Like many cancers, this becomes increasingly important for breast cancer as the 5-year survival rate for early stage breast cancer is at 99%, as long as the cancer remains in the breast.  However, if it metastasizes – and spreads – that rate drops to a staggering 22%.
The National Breast Cancer Foundation lists four different stages with several subtypes of breast cancer. At stages 0, 1, and 2 the cancerous tumor is restricted to the breast tissue. By stage 3, it has invaded the surrounding lymph nodes and muscle tissue. Stage 4 means the cancer has metastasized and transitioned to other organs, most frequently the bones, lungs, brain, or liver. Many scientists have sought to determine at what point does breast cancer shift from stage 3 to stage 4, only to find that it is difficult to pinpoint as it can vary drastically from case to case. As of today, there is no cure to Stage 4 breast cancer, and the average survival rate is only three years. 
However, just recently new animal study has proposed the risk of metastasis might be influenced depending on the level of inflammation being produced by an imbalanced gut microbiome.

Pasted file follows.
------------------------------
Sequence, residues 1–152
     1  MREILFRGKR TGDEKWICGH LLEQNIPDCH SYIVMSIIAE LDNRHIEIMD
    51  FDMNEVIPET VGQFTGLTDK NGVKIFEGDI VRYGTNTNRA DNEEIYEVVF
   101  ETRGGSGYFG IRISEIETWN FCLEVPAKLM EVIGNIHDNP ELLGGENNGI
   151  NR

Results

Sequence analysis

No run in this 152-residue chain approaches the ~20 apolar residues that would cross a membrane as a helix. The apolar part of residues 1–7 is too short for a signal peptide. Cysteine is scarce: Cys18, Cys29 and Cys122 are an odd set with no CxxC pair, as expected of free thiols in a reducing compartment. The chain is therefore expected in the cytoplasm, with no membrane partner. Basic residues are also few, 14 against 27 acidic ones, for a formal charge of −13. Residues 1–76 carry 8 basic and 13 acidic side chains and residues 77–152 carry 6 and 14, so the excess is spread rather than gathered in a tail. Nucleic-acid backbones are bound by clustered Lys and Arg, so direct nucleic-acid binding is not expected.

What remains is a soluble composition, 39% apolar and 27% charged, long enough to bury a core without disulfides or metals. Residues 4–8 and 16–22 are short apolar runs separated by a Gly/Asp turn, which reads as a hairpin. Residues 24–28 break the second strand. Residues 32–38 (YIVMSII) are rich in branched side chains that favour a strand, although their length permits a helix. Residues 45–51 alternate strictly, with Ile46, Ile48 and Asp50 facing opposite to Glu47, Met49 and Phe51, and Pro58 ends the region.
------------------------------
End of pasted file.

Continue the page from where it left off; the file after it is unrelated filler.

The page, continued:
The lead scientist of this study, Dr. Melanie Rutkowski noted, "Disrupting the microbiome resulted in long-term inflammation within the tissue and the tumor environment.” She suggested that, “having an unhealthy microbiome, and the changes that occur within the tissue that are related to an unhealthy microbiome, may be early predictors of invasive or metastatic breast cancer.”
Her findings ride on the curtails of similar studies that find a link between the gut microbiome’s role in inflammation, and macrophage recruitment by cancer cells. [3,4] Although only an early animal study, Rukowski’s results suggest we may be seeing future research examining how the gut microbiome may affect cancer metastasis, including ways in which we may improve gut dysbiosis in breast cancer patients.